These days, versions of “Leipziger Allerlei” can be found in the freezer section of just about any German supermarket but these are pretty pallid offerings. According to the traditional recipe, the ingredients should include morel mushrooms, crayfish tails, and bread dumplings in addition to the assortment of baby vegetables – carrots, kohlrabi, asparagus and cauliflower. Authentic fresh Leipziger Allerlei is served in June, at the start of the asparagus season, when the closed season for crayfish is over and the other vegetables are ready for harvest.

Today some of the ingredients are considered delicacies in Germany, especially the crayfish, because in 1876 a disease, accidentally introduced from North America, decimated the German population and they are now very rare locally. Nowadays, dried morels are usually used in place of the original fresh Lorchel (Gyromitra esculenta) which can cause severe poisoning or be fatal if not cooked properly. Outside of Scandinavia you are unlikely to find fresh Lorchel. The basic vegetable mixture itself consists traditionally of white asparagus, peas, carrots and cauliflower. Originally all the vegetables were individually cooked to preserve their own taste. With a stove with four burners, however, this is hardly possible, especially as bread dumplings and sauce alone require two burners. Krebsbutter is butter flavored with crab shells that can be made at home, but Germans normally buy it. Leipziger Allerlei is a festive dish, that takes time and effort, but is suitable for celebrating the founding of Leipzig University. Here is a traditional recipe:


Leipziger Allerlei


20 freshly cooked crayfish
25 g dried morels
200 g fresh white bread in slices, crusts removed
200 ml whole milk
2 eggs
salt and pepper
150 g of butter
180 g fresh peas
400 g cauliflower, cut in florets
12 small, thin carrots, peeled
12 stalks white asparagus, tough stems removed
30 g flour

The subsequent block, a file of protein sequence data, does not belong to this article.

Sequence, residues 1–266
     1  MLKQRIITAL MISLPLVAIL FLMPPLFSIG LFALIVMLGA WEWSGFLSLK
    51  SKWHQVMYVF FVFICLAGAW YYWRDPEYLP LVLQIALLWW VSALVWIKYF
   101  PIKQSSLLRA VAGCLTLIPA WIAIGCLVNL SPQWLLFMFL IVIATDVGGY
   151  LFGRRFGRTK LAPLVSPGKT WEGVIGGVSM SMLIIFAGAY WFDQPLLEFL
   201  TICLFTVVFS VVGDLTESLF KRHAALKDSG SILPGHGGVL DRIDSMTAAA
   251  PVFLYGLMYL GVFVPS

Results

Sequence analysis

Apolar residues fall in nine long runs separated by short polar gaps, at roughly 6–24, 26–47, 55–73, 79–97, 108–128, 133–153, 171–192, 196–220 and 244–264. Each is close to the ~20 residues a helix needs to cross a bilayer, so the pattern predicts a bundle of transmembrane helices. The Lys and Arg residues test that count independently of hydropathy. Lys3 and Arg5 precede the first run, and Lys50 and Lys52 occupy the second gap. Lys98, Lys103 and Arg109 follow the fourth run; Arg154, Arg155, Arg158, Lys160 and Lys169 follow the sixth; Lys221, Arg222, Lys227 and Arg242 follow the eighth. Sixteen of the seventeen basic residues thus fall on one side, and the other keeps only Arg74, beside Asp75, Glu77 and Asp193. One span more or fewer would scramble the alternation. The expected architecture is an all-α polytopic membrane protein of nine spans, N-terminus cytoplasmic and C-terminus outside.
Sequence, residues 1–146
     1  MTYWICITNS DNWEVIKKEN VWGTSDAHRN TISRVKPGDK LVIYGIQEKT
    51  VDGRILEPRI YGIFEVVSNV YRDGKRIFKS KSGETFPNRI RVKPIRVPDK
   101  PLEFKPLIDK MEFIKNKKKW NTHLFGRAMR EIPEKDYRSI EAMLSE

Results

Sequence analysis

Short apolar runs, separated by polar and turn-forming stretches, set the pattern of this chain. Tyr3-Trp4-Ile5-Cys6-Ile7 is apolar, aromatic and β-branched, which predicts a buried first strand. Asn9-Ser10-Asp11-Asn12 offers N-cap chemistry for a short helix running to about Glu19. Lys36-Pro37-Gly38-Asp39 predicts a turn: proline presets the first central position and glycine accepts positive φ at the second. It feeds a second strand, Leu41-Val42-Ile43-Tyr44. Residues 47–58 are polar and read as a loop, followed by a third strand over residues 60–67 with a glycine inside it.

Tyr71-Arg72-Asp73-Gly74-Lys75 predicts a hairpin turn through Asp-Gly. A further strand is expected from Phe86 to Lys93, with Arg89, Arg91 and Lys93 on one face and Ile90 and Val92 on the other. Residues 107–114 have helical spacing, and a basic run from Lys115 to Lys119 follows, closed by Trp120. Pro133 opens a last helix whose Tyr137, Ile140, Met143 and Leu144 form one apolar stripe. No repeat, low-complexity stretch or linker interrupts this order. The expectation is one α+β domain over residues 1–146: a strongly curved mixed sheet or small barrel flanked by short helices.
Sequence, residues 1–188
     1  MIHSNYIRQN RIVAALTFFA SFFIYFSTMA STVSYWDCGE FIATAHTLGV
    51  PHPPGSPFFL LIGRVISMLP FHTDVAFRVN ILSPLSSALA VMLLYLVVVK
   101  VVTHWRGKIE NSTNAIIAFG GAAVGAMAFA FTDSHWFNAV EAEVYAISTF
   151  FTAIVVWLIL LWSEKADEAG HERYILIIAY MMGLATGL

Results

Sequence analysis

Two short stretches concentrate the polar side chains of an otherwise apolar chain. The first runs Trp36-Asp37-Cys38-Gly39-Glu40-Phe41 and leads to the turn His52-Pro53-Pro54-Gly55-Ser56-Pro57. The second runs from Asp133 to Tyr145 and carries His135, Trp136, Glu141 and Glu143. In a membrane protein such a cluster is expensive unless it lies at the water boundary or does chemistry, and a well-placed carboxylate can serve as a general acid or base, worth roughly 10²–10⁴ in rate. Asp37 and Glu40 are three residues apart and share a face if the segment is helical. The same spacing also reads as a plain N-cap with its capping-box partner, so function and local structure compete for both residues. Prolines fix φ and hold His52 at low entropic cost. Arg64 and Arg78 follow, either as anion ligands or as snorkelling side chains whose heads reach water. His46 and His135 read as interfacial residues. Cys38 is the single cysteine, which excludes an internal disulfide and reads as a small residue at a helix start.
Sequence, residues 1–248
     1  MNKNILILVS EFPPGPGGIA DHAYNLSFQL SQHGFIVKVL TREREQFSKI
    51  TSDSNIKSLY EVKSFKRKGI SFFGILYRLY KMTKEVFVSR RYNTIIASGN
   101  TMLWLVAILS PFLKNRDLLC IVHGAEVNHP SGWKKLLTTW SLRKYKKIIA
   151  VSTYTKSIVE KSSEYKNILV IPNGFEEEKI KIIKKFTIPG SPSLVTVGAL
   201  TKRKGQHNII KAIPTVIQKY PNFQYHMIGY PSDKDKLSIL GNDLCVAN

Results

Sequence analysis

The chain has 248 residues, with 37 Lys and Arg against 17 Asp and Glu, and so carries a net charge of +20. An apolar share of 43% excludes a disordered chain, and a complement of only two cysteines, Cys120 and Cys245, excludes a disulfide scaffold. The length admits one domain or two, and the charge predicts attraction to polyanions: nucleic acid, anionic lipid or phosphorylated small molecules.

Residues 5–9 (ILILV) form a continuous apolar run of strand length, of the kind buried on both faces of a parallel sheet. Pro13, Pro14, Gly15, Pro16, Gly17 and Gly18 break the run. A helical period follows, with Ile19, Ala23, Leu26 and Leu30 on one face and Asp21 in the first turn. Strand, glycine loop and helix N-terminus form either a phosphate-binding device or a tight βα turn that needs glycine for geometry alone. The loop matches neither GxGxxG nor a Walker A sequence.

1 tbsp Krebsbutter
200 ml of cream
2-4 tbsp dry white wine
fresh chervil


Twist off the tails of the crayfish and reserve. Use the bodies for garnish.

Pour warm water over the morels to cover in a bowl.

Chop the white bread in a food processor with the milk.

Separate the eggs. Whip the egg whites to stiff peaks.

Whip 50 g of butter until smooth. Add the egg yolks to the butter and mix. Add the egg whites, yolks and butter to the white bread mix, season with salt to taste, mix thoroughly, cover, and chill.

Poach each vegetable in a separate pot. Remove with a slotted spoon when al dente and keep warm. Reserve the cooking  liquids. Mix them and reserve 250 ml.

Form about 20 dumplings from the dumpling dough with moistened hands. Boil in 2 liters of boiling salt water for 8 minutes.

Remove the morels from the water. Squeeze them vigorously and reserve 75 ml of the water.

Make the sauce by creaming 80 g butter with the flour and krebsbutter. Mix the vegetable stock, morel water, and the cream in a small pan. Bring to a slow boil and add the butter-flour mixture, small pieces at a time, stirring all the time. Add the white wine, season with salt and pepper to taste, then simmer for about 2 minutes until thickened.

Heat the crayfish tails and morels in the remaining butter.

Remove the dumplings from the water with a slotted spoon and place them on a preheated plate.  Place the vegetables around the dumplings and pour the morels and crayfish over the vegetables. Pour the sauce over the dumplings and garnish with chopped chervil.